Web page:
Mario Botta. Spazio Sacro

Ritratto di Mario Botta, 2012
© Claude Dusset
From 25 March to 12 August 2018 the Pinacoteca Comunale Casa Rusca in Locarno will host one
review of the architectures of the sacred by Mario Botta.
Mario Botta. Spazio Sacro “is an exhibition project curated by Mario Botta Architetti, with the scientific direction of Rudy Chiappini. After presenting internationally renowned artists (Valerio Adami, Fernando Botero, Hans Erni, Mimmo Rotella, Javier Marín and Robert Indiana), the Museum inaugurates the exhibition program of the 2018 with an exhibition dedicated to Mario Botta, extending its horizon of research and interest also to architecture.
The exhibition will take place in the rooms of the Pinacoteca and in the impressive pavilion built for
the opportunity in the external courtyard. For the first time ever, 22 architectures are presented
made in different countries: Switzerland, Italy, France, Israel, Ukraine, South Korea and China. It deals with 18 buildings, 3 works in progress and a proposal for a chapel at the airport of Malpensa. All projects are documented with original models, drawings and blow-ups.

Chiesa di San Giovanni Battista, Mogno (Svizzera), 1986-1996
© Enrico Cano


The exhibition documents a typology dear to the architect Mario Botta who, in many years of activity, has had several opportunities to confront the dimension of the sacred, so as to come to affirm that “through the buildings of worship I have the impression of having identified the deep roots of the architecture itself. The concepts of gravity, threshold and light as the generatrix of space, the game

of the proportions and the rhythmic progress of the constructive elements, make the architect rediscover them primary reasons, of a somewhat sacred nature, of the architecture itself. “
The ability of the Swiss architect is indeed to develop an architectural language based on the study of primary forms, pure volumes, elementary geometry and natural materials.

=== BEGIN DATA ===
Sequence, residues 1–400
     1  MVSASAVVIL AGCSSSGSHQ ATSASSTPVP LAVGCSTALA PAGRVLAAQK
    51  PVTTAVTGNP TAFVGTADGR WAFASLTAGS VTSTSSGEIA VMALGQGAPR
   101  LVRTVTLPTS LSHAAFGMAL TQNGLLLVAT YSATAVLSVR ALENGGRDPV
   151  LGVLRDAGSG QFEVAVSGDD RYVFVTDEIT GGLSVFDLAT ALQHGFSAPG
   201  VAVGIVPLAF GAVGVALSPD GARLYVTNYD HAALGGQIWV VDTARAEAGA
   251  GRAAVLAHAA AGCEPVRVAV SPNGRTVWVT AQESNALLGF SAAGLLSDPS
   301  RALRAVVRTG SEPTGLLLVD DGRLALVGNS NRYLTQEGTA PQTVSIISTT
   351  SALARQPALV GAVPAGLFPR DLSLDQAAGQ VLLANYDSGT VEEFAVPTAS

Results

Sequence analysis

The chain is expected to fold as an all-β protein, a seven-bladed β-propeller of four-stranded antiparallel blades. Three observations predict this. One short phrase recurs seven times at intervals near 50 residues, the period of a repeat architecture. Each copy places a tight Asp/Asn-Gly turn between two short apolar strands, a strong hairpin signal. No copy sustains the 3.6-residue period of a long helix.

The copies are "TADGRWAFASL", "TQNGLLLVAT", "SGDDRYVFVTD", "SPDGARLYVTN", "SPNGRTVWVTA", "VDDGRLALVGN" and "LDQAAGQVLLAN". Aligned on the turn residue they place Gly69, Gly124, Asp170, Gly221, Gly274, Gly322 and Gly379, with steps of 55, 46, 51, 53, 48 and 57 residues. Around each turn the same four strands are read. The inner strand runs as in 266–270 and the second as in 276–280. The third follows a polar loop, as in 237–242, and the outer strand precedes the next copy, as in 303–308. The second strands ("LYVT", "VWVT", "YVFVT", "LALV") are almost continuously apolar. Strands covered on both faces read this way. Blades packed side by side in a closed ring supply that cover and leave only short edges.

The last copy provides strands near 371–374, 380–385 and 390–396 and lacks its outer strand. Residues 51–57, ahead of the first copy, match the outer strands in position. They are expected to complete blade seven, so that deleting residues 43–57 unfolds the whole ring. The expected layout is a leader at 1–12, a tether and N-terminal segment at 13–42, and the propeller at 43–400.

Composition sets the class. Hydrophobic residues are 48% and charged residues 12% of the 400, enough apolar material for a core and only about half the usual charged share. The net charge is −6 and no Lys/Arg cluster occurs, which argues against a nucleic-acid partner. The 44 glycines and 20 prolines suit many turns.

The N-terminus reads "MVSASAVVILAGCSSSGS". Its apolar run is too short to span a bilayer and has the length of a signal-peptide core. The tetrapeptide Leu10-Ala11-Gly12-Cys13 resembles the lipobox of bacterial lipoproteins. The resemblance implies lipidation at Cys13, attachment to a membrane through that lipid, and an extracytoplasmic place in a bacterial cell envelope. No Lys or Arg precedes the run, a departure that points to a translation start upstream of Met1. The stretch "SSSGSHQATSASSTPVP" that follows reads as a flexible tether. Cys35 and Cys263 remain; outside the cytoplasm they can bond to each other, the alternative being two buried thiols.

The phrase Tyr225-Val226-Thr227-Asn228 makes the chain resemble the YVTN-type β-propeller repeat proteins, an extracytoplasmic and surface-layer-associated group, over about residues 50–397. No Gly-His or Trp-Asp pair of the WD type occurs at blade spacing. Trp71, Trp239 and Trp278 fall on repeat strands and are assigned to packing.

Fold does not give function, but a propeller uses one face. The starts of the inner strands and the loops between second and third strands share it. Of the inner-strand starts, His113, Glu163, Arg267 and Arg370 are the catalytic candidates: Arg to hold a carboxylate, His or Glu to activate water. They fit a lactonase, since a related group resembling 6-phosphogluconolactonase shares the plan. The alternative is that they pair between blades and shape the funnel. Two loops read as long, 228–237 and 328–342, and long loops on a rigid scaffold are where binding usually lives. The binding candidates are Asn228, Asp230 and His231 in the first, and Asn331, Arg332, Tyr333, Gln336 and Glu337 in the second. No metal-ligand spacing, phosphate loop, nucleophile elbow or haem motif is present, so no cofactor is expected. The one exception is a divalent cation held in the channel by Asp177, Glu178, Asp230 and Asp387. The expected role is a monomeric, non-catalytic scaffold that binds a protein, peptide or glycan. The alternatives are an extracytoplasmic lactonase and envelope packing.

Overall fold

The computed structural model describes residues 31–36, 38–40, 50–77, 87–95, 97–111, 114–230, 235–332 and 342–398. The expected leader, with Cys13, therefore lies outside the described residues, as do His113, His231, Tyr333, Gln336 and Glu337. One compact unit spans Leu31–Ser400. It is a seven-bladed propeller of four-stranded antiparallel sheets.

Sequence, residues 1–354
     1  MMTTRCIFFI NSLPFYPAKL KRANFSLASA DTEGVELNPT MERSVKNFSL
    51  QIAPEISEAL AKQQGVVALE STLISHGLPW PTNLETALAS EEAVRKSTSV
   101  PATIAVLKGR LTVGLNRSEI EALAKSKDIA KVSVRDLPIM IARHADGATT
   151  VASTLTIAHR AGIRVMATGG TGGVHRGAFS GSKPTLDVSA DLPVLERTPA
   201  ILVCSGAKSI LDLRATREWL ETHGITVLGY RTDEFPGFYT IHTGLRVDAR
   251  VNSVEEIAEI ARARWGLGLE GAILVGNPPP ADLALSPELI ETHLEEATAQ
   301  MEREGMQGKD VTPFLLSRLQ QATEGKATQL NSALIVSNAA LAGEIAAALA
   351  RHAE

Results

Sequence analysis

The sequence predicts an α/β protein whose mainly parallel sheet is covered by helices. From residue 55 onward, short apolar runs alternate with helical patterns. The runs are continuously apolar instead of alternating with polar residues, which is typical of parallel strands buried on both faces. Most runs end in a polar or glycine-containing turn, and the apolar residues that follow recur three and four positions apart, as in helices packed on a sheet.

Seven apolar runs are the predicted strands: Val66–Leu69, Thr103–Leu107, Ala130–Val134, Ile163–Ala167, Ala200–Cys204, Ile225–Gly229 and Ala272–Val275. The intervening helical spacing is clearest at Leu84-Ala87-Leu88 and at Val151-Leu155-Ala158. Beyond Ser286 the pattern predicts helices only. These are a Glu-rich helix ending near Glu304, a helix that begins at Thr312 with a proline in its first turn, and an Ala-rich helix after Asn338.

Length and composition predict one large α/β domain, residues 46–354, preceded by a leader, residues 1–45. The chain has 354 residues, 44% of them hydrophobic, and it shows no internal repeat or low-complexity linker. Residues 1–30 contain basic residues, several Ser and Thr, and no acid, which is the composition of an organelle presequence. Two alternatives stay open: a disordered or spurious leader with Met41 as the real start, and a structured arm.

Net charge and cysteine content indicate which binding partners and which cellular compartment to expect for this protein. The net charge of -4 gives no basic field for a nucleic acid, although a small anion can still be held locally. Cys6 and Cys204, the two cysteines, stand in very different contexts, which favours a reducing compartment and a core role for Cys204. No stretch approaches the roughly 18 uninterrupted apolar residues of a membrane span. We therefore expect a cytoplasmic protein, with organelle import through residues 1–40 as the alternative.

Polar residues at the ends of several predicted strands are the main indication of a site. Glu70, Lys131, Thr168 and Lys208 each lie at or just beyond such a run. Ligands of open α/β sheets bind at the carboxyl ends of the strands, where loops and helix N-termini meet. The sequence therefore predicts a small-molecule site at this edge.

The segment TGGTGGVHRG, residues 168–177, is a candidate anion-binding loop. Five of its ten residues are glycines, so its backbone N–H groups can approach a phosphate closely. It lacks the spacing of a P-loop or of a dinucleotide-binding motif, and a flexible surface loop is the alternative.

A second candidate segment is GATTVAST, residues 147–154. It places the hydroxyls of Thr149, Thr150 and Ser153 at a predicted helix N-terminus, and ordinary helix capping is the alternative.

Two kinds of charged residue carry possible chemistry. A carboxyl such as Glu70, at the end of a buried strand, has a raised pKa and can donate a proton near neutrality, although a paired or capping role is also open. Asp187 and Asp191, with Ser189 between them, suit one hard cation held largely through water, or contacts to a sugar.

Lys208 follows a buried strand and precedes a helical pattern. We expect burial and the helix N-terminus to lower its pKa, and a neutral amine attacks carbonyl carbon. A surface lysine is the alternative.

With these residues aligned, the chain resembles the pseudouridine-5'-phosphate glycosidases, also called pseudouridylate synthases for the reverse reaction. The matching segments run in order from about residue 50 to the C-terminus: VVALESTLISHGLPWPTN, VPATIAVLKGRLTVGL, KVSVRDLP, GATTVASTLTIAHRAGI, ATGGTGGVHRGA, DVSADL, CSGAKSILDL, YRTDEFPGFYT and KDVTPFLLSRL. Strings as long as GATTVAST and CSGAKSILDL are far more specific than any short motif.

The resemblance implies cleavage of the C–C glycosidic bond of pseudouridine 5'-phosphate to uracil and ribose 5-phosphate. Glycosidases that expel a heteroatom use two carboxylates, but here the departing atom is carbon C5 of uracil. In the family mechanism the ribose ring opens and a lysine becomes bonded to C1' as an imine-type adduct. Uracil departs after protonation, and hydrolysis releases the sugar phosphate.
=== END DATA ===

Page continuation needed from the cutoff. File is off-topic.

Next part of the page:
An important challenge to win for Botta is to compete with the infinite through finite elements, figures
simple that are more easily distinguishable and in which all can be recognized.
The architecture of the sacred, in the creative path of Botta, starts from the need for an inherent spirituality man. Each of the 22 buildings, beyond the religious confessions to which they are intended (Judaism, Christianity and Islamism), stands as a paradigm of a way of interpreting it need, to give shape to the collective values ​​of our life, modeling light and space so as to draw from it a recognized and shared symbolic meaning. All this recovering the constructive tradition of the in particular, the use of bricks and stone, the latter often coming from localities where the architect implements his interventions, with this aim also pursuing the goal of contextualize their architectures respecting the genius loci.

La cappella nel paesaggio invernale, Penkenjoch, Zillertal (Austria), 2011-13
© Mario Krupik


His commitment to interpreting the sensibility of contemporary culture and at the same time the will
to evoke and reinforce that territory of history and memory that constitutes the true heritage of the identity of European architecture, is configured as a “critical reason” that is opposed to fragility
of the models and fashions offered by the intense globalization.
For Mario Botta – always – “building is in itself a sacred act, it is an action that transforms one condition of nature in a condition of culture; the history of architecture is the history of these transformations. The need that drives man to confront the dimension of the infinite is one primordial necessity in the search for the beauty that has always accompanied man in the construction of one’s own living space. For the architect to penetrate expressive forms unknown in the attempting to respond to the needs of God’s house, it also becomes a way of rethinking the home man. “
The exhibition is accompanied by an illustrated catalog, accompanied by an introduction of essays
Critics (Salvatore Veca, Gianfranco Ravasi, Corrado Bologna, Pierluigi Panza, Giorgio Ciucci) and
a selected anthological collection to complement each chapter.
Antonio Gala
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